Emmanuel Finkiel, France
This contemporary film draws us into the lives of  people caught-up in three separate yet interconnected situations. A young manager supervises closing a factory in France and its relocation to Hungary. A group of Kurdish men risk their lives to (illegally) enter England. Waiting for a call from her lover, a young woman films poor people because, “it’s the stronger image.” They are continuously on the move, whether by truck, train, private sedan or on foot, with and without legal papers. Exceptional direction and camera work allows us to see into the inner regions of their souls. All seek out their promised land — regrettably not all find it. (Marinell Haegelin, MW**)

Of Time & the City *****
Terence Davies, Great Britain
Personal documentaries, notoriously problematical, seldom rise to the echelon of this one. A poetic combination of intriguing visuals, complimented by perspicacious music, writer/director Terry Davies’s deep resonating voice take us on a sagacious trip of identity, with both himself and his birth city, Liverpool, and Merseyside, England. “The golden moments pass and leave no trace…”

“Between love and hate the real journey starts.” He juxtaposes vital, separate elements from his growing up that intrinsically make up the sum of who he is, “Where have you gone without me?” with decisive points between 1945 and 1969 that transformed and scarred the city. Davies’s narration accentuates: society (wrestling matches awaken his homosexuality as well as his prayers for salvation), religion (of Davies Catholic upbringing “… born again atheist, thank God”), economics (the monarchy and the many residents barely subsisting in the slums of Liverpool), and culture (high-rise housing, a blight on the cityscape that eliminates neighborhood common areas). Those were themes that affected him and the city so profoundly.

Poetry (from James Joyce, T.S. Eliot and others) is interwoven in Davies’ poignant account, together with wit, humor and a fine rhythmical pacing, to keep at bay the underlying current of pain and anger we hear and the bleak imagery we see. The wealth of archival footage transports us through the best and the worst of times long gone. As glorious music soars in the background, Davies acknowledges life is worth living, saying, “our end is our beginning… and all manner of thing shall be well.” An awe-inspiring slice of history, which many may not know while others have not forgotten, is preserved. (Marinell Haegelin, KB**)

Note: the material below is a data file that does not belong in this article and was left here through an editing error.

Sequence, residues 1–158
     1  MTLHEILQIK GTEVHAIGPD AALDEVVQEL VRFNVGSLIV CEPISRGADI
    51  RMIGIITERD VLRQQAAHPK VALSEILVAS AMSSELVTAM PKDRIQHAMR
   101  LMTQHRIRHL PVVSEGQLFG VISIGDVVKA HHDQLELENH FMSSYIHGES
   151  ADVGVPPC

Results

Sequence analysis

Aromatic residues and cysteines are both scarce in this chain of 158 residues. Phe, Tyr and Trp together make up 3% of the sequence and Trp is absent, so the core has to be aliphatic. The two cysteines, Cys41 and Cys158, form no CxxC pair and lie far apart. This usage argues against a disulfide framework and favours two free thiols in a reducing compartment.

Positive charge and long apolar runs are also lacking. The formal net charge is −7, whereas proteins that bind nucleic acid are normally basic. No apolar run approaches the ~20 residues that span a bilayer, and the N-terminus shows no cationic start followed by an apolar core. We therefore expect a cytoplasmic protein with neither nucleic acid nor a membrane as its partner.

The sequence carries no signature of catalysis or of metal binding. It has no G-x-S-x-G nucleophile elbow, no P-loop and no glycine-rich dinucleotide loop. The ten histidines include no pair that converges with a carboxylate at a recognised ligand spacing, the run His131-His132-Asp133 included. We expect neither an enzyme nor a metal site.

Pazar der Markt (The Market – A Tale of Trade), ****
Ben Hopkins, Germany, Great Britain, Kazakhstan, Turkey
Mihram (Tayanc Ayaydin) is a small-time merchant who struggles to support his family. He is willing to ignore the laws in 1994 Eastern Turkey, but won’t go so far as to ally himself with the Mafia and black market. A physician gives him money to purchase much-needed vaccine for her hospital. He imagines that he can fill the order as well as earn a tidy sum on the side to establish his dream business: trading in cell phones. He crosses the border to Azerbaijan and picks up his uncle Fazil (Genco Erkal), who contributes comic relief to a serious job. He is full of witty sayings, such as “Where does the moon get its light?” his stock answer to every unexplainable situation. Together they travel, road-movie style, from one pharmacy to the next on an elusive search for the medicine. In the end Mihram “realizes his dream but loses his independence and his self-respect,” according to British director Ben Hopkins.  Or, simply said in the film: “The world revolves and we are all dogs in the end.” This is a universal theme, a classical story of any century, although here the traditional music expertly identifies the location. Hopkins said that he tried to show “both the creativity and innovation of capitalism, as well as the cynicism about expectations without having to pay the price of inequality and exploitation.” Ayaydin won best actor in this year’s Locarno film festival. The film was one of my festival highlights.  (Becky Tan)